Soft, responsive environments. Children who spend most of their day in one environment need surfaces that respond to them, not hard surfaces that they must conform to. Sand, water, grass, rugs and pillows, and the lap of a caregiver respond to a child’s basic physical needs (Prescott, 1994).
Flexible materials and equipment. Children can use sand, water, or play dough in a variety of ways, depending on their maturity, ability, past experience with the materials, interest, and involvement. A jigsaw puzzle, on the other hand, has only one correct solution. Legos® and tinker toys have specific physical qualities that must be adhered to, but are also flexible enough to allow a range of creative activities. Programs should include lots of materials that have an abundance and variety of uses to give children a sense of creativity and control (Wardle, 1999).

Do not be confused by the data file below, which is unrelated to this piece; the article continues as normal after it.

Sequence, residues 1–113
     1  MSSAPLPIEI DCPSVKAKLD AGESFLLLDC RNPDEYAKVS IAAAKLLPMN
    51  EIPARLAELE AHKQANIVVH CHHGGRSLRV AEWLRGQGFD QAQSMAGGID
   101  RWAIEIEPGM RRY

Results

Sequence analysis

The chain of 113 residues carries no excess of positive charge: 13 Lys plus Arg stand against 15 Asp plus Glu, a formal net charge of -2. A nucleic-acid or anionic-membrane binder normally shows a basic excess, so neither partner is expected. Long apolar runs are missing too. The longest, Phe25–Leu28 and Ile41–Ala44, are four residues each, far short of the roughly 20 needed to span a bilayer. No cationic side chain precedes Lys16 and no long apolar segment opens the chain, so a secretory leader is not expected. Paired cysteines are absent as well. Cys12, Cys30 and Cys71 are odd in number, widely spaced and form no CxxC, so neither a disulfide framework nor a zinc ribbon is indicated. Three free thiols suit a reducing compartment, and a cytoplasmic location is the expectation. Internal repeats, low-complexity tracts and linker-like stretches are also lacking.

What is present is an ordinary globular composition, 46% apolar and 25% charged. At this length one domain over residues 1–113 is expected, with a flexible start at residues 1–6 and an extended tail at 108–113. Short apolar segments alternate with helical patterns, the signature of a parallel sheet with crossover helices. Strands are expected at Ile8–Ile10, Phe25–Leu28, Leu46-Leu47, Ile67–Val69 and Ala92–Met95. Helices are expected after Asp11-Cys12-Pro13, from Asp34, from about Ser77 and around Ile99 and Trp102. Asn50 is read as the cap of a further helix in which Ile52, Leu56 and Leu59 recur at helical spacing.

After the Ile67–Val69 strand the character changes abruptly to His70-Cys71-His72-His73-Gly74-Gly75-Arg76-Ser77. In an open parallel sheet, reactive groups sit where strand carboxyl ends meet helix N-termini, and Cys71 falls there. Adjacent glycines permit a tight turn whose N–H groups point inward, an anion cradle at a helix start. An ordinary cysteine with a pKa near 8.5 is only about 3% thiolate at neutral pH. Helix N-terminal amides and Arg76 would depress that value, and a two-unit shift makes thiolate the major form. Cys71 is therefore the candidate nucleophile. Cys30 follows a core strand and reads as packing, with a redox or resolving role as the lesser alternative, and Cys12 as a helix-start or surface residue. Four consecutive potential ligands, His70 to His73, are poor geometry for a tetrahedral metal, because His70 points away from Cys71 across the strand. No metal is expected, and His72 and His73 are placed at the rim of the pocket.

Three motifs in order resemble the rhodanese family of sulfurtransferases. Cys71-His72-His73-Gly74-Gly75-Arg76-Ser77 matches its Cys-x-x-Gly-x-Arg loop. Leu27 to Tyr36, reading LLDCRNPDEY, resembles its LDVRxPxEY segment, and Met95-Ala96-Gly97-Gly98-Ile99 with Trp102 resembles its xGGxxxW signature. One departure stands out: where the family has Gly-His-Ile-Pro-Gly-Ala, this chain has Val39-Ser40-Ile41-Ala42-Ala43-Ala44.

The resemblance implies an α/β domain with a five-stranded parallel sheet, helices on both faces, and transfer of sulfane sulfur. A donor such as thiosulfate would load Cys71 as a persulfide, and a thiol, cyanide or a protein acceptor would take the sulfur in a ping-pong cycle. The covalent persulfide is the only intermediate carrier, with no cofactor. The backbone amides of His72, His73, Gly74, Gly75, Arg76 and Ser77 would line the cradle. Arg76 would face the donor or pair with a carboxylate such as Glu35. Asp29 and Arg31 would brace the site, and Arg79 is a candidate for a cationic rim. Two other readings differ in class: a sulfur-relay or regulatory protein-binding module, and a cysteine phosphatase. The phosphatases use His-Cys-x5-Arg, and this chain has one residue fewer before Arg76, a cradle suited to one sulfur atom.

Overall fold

Simple, complex and super complex units. According to Prescott (1994), learning materials can be simple, complex, or super complex. Simple materials are those with essentially one function, complex those with two, and super complex, those with more than two. For example, a pile of sand is a simple unit. If one adds a plastic shovel to the sand it becomes a complex unit. Adding a bucket of water or collection of toy animals to the sand and shovel creates a super-complex unit. The more complex the materials, the more play and learning they provide (Wardle, 1999).
STRATEGIES FOR SMALL SPACES